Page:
What animal doesn’t like play time? It is an equally important part of care and well-being. For example, the Indian ring-necked parakeet needs a lot of time out of its enclosure and interaction with owners, otherwise it can develop severe neurotic behaviors that are sometimes not reversible. Even the smallest critters, like our hamsters and gerbils, still need routine exercise. It’s also important to consider when your pet will be most active – if it’s nocturnal, it may not be interactive with you during the day. Also, is the animal you are considering doing better as a couple or alone? How will this animal interact with other animals in the house (especially if it is a prey species such as a rabbit)? Does this animal do well with children and what are the safety concerns?

General Health Conditions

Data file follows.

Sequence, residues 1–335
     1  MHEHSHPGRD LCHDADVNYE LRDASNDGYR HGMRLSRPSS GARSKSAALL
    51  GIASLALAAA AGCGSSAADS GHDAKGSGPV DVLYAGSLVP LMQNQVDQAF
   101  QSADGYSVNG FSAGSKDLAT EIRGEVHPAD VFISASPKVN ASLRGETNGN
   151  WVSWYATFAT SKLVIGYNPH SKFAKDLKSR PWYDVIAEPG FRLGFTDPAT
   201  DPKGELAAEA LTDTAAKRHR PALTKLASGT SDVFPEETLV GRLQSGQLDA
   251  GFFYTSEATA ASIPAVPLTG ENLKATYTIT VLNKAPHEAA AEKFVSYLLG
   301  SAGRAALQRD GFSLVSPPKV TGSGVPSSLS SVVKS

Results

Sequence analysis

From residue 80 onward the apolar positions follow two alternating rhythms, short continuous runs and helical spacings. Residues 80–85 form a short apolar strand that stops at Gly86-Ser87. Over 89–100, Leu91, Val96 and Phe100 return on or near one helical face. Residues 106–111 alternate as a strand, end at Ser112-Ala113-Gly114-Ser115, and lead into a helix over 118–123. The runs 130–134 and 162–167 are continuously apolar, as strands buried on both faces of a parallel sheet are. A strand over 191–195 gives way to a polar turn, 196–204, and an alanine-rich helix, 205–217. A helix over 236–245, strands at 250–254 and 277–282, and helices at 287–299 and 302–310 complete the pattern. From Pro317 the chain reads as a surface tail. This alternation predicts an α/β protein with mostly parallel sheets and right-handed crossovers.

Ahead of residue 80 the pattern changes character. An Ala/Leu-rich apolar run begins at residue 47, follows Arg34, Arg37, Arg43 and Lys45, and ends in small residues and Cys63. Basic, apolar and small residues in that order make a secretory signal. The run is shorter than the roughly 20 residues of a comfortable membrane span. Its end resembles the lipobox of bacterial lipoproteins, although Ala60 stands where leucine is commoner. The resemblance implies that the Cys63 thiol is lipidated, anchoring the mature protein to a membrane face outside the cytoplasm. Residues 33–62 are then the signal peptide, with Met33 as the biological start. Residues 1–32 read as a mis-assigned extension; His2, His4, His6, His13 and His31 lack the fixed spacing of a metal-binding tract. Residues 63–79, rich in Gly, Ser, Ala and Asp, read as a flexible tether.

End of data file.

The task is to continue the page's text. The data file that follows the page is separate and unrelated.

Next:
Knowing the common conditions seen in exotic animals can help you take the necessary steps to prevent them if possible and also know the signs to look for regarding the disease. Many exotic animals that are prey species will hide disease until they are sick, so catching the signs early if you can really make a difference. For example, guinea pigs are predisposed to foot problems due to their body conformation, so ensuring proper bedding and maintaining a good weight can help prevent pododermatitis.

Rabbits that stop eating for 12-24 hours are already considered critical due to their type of gastrointestinal tract and require immediate medical attention. Most reptiles need calcium supplementation, and if they don’t get it in their diet, they will put this calcium from their underlying bones, making their bones weak and prone to fracture.